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This article is about the lining of blood and lymphatic vessels. For the endothelium of the cornea, see corneal endothelium. This article needs additional citations for verification. Please help improve this article by adding citations to reliable sources. Unsourced material may be challenged and removed. (October 2008)
Diagram showing the location of endothelial cells
Endothelial cells, which form the tunica intima, encircle an erythrocyte (E).
Code TH H2.00.02.0.02003
The endothelium is the thin layer of cells that lines the interior surface of blood vessels and lymphatic vessels, forming an interface between circulating blood or lymph in the lumen and the rest of the vessel wall. The cells that form the endothelium are called endothelial cells. Endothelial cells in direct contact with blood are called vascular endothelial cells, whereas those in direct contact with lymph are known as lymphatic endothelial cells.
Vascular endothelial cells line the entire circulatory system, from the heart to the smallest capillaries. These cells have very distinct and unique functions that are paramount to vascular biology. These functions include fluid filtration, such as in the glomeruli of the kidney, blood vessel tone, hemostasis, neutrophil recruitment, and hormone trafficking. Endothelium of the interior surfaces of the heart chambers are called endocardium.
1 Terminology 2 Function 3 Pathology 4 See also 5 References 6 External links
The foundational model of anatomy makes a distinction between endothelial cells and epithelial cells on the basis of which tissues they develop from, and states that the presence of vimentin rather than keratin filaments separate these from epithelial cells. Many considered the endothelium a specialized epithelial tissue.
Both blood and lymphatic capillaries are composed of a single layer of endothelial cells called a monolayer.
Endothelial cells are involved in many aspects of vascular biology, including:
Barrier function - the endothelium acts as a semi-selective barrier between the vessel lumen and surrounding tissue, controlling the passage of materials and the transit of white blood cells into and out of the bloodstream. Excessive or prolonged increases in permeability of the endothelial monolayer, as in cases of chronic inflammation, may lead to tissue edema/swelling. Blood clotting (thrombosis & fibrinolysis). The endothelium normally provides a non-thrombogenic surface because it contains, for example, heparan sulfate which acts as a cofactor for activating antithrombin, a protease that inactivates several factors in the coagulation cascade. Inflammation Formation of new blood vessels (angiogenesis) Vasoconstriction and vasodilation, and hence the control of blood pressure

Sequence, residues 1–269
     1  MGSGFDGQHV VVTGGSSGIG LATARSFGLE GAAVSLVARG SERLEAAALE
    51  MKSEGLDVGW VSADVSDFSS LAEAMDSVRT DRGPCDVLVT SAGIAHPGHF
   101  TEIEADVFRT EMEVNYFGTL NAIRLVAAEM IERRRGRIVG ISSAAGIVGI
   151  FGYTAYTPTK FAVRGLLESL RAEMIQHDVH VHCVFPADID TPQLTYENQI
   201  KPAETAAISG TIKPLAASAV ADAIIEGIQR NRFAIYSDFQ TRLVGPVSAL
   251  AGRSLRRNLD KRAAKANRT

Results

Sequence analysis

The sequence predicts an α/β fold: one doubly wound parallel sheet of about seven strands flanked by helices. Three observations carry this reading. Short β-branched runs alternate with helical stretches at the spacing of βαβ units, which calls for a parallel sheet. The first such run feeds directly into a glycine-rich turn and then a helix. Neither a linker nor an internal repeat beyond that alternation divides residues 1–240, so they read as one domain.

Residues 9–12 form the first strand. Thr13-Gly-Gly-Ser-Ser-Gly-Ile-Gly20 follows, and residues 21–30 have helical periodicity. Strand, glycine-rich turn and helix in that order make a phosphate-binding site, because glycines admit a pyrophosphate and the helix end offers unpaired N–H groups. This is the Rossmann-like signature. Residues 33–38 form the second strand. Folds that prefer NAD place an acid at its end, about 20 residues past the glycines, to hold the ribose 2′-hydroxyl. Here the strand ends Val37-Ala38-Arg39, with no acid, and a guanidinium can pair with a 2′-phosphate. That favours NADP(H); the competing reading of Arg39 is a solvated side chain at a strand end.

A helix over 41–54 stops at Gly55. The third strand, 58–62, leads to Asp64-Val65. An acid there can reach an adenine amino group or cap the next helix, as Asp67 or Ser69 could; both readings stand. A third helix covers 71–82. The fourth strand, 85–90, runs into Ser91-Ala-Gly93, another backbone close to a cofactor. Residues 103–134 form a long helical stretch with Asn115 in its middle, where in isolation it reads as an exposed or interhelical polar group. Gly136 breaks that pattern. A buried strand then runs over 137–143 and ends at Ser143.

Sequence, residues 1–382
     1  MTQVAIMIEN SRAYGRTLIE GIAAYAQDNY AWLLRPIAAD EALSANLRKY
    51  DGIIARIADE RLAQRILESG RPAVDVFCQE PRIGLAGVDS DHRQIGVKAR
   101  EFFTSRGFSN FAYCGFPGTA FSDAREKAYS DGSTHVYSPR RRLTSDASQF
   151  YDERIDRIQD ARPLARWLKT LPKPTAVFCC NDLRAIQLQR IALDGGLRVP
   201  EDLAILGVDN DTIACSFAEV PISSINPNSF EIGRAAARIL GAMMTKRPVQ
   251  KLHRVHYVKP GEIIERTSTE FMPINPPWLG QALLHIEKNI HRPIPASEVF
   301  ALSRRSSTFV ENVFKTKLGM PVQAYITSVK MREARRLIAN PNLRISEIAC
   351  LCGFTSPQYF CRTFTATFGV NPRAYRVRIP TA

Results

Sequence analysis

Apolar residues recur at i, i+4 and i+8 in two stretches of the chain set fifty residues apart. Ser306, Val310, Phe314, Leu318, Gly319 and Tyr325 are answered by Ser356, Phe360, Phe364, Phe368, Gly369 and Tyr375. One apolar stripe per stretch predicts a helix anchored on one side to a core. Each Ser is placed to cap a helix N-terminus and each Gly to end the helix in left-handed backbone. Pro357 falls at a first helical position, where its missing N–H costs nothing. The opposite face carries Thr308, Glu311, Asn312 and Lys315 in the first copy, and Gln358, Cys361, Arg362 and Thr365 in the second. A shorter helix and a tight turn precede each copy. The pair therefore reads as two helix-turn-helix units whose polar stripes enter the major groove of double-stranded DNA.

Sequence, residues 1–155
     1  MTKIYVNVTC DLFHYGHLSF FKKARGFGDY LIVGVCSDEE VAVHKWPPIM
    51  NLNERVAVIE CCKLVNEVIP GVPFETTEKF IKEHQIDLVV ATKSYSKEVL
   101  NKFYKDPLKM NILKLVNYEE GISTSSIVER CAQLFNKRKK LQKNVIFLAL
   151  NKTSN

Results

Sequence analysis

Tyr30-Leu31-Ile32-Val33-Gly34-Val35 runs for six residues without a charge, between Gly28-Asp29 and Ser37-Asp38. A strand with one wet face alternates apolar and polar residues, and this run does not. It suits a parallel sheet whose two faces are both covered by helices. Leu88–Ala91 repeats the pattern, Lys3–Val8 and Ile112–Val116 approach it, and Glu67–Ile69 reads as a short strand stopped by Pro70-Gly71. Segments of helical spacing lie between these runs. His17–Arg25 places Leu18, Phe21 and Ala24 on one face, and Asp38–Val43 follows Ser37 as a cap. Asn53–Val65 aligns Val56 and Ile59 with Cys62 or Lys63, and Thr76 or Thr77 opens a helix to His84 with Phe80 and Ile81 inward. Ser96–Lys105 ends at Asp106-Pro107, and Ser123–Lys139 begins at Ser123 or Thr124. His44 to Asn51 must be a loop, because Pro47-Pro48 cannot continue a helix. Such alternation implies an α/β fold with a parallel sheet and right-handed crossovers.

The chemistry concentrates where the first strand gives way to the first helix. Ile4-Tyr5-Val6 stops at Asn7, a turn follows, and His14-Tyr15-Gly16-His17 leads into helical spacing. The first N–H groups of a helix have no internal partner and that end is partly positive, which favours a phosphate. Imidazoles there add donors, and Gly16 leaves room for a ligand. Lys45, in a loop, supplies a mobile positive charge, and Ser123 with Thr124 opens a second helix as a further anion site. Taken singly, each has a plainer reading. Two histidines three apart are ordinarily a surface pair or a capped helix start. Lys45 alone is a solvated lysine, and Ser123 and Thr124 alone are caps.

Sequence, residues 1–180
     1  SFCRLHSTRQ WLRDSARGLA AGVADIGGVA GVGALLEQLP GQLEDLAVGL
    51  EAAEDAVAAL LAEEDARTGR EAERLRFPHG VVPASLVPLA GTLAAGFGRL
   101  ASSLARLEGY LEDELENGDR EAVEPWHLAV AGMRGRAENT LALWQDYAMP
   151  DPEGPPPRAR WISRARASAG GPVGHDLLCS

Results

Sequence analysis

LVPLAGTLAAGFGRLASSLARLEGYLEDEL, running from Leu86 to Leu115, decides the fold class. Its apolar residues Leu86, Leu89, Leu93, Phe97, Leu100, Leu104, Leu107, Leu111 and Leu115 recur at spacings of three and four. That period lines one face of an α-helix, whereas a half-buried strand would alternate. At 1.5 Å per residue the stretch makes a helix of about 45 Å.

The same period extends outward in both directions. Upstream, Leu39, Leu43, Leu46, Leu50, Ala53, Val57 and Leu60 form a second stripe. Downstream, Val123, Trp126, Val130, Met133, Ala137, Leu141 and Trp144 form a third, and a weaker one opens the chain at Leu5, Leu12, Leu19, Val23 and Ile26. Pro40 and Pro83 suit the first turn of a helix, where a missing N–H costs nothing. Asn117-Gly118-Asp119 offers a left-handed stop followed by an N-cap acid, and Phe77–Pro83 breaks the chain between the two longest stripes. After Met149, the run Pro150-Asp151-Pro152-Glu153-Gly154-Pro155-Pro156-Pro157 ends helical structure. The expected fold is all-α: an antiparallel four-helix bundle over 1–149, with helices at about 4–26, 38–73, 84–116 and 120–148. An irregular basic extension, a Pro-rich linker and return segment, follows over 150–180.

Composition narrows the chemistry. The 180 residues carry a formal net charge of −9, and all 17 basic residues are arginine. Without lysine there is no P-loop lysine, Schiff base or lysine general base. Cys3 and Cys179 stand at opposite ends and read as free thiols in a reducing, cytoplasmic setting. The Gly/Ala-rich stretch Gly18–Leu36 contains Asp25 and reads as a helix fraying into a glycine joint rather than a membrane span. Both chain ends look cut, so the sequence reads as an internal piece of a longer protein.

In some organs, there are highly differentiated endothelial cells to perform specialized 'filtering' functions. Examples of such unique endothelial structures include the renal glomerulus and the blood–brain barrier.
Main article: Endothelial dysfunction
Endothelial dysfunction, or the loss of proper endothelial function, is a hallmark for vascular diseases, and is often regarded as a key early event in the development of atherosclerosis. Impaired endothelial function, causing hypertension and thrombosis, is often seen in patients with coronary artery disease, diabetes mellitus, hypertension, hypercholesterolemia, as well as in smokers. Endothelial dysfunction has also been shown to be predictive of future adverse cardiovascular events, and is also present in inflammatory disease such as rheumatoid arthritis and systemic lupus erythematosus. One of the main mechanisms of endothelial dysfunction is the diminishing of nitric oxide, often due to high levels of